Tax campaigners welcome NIC threshold increase as step towards simplification

The Low Incomes Tax Reform Group (LITRG) broadly welcomes today’s announcement1 in the Spring Statement that the government will align the starting point for paying2 class 1 employee and class 4 self-employed National Insurance contributions (NIC) with the starting point for paying income tax – £12,570. The group has argued for many years that such alignment would be a simplification for lower earners.  

There could, however, be some complexity over the course of the 2022/23 tax year in which the transition occurs. The Chancellor announced that the increase will come into effect from July 2022 – part way through the 2022/23 tax year. This means that for the first three months of the tax year, the effective annual primary threshold and small profits limit will be £9,880, increasing to £12,570 for the remaining nine months of the tax year.

Kelly Sizer, Senior Technical Manager for LITRG, said:

“Since at least 2017,3 LITRG has recommended that the starting point for workers paying NIC be aligned with the income tax personal allowance. Today’s announcement to do this with effect from July 2022 will eventually prove to be a simplification for low-earners. It will also mitigate the increase in NIC rates from 6 April 2022 for those on the lowest incomes.4

“In the short term, however, we think there may be some confusion, because the change will come in part way through the tax year. Employees will see the benefit in their pay packets from July. But for the self-employed, there may be some confusion when they prepare their 2022/23 tax return as the lower profits threshold will be adjusted down to £11,9085 from £12,570 to reflect that the change only applies for nine months of the year.”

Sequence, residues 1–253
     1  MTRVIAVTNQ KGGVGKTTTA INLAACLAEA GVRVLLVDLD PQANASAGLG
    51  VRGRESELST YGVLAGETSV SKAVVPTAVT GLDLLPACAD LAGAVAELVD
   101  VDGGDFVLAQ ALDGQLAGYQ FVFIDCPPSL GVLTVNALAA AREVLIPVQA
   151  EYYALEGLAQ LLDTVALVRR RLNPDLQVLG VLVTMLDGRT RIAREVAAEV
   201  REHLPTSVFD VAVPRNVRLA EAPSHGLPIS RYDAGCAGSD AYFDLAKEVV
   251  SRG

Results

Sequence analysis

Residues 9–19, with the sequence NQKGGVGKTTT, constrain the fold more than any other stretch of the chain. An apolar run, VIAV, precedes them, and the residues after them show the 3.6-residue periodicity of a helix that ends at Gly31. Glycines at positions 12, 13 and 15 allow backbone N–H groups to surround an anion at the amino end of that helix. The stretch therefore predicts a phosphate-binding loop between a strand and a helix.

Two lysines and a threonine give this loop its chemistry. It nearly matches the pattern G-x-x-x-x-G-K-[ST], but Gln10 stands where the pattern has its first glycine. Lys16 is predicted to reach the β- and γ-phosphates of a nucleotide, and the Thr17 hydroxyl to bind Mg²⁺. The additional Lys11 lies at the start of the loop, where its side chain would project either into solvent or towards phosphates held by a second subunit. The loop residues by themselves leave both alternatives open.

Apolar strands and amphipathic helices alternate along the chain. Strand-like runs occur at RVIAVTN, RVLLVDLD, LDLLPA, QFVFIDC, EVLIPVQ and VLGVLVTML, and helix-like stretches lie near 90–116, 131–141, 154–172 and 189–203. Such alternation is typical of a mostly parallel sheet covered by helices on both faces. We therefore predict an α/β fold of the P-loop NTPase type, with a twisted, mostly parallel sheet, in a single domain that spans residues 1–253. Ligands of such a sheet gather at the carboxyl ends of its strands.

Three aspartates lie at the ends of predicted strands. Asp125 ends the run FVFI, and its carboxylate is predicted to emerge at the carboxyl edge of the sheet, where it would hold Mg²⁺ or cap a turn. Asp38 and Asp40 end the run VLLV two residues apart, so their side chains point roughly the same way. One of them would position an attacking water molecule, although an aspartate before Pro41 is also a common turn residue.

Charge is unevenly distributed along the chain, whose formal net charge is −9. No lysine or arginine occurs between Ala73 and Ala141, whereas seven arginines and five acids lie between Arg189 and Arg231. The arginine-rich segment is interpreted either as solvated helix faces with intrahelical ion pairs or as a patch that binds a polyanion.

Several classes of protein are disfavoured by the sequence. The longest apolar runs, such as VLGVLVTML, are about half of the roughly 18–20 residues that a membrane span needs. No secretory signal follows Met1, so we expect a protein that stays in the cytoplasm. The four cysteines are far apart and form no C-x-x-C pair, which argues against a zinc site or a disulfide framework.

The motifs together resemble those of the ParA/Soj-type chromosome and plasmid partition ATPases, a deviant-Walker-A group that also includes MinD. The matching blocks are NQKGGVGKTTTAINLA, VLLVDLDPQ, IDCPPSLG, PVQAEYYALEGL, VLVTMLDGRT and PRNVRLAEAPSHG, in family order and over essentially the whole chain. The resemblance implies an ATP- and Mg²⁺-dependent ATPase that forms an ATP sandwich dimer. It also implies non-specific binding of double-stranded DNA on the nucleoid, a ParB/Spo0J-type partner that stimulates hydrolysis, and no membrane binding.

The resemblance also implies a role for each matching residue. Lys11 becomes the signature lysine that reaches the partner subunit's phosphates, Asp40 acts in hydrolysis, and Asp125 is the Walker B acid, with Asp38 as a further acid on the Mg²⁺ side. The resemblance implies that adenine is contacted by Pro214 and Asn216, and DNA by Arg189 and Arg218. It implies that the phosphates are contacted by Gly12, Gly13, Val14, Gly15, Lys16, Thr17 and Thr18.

LITRG has also long argued that the impacts of announcements affecting a person’s net income on welfare benefits need to be taken into account. The main in-work benefit, universal credit (UC), is calculated based upon a claimant’s income net of tax and NIC. This means that if a claimant’s tax or NIC liability increases, the UC award may go up; but equally a decrease in tax or NIC liability means the UC award may go down. 

Kelly Sizer, Senior Technical Manager for LITRG, said:

“Because of the interaction between tax and benefits, some people on low incomes will not see the full benefit of the increased NIC threshold. 

“For example, someone not claiming UC and earning £250 gross a week would see their net income increase by £6.896 a week from July. If claiming UC, that extra amount of earnings would be factored into the calculation of their award and, if tapered at 55%, it would mean that they were better off overall by only £3.10 a week.7”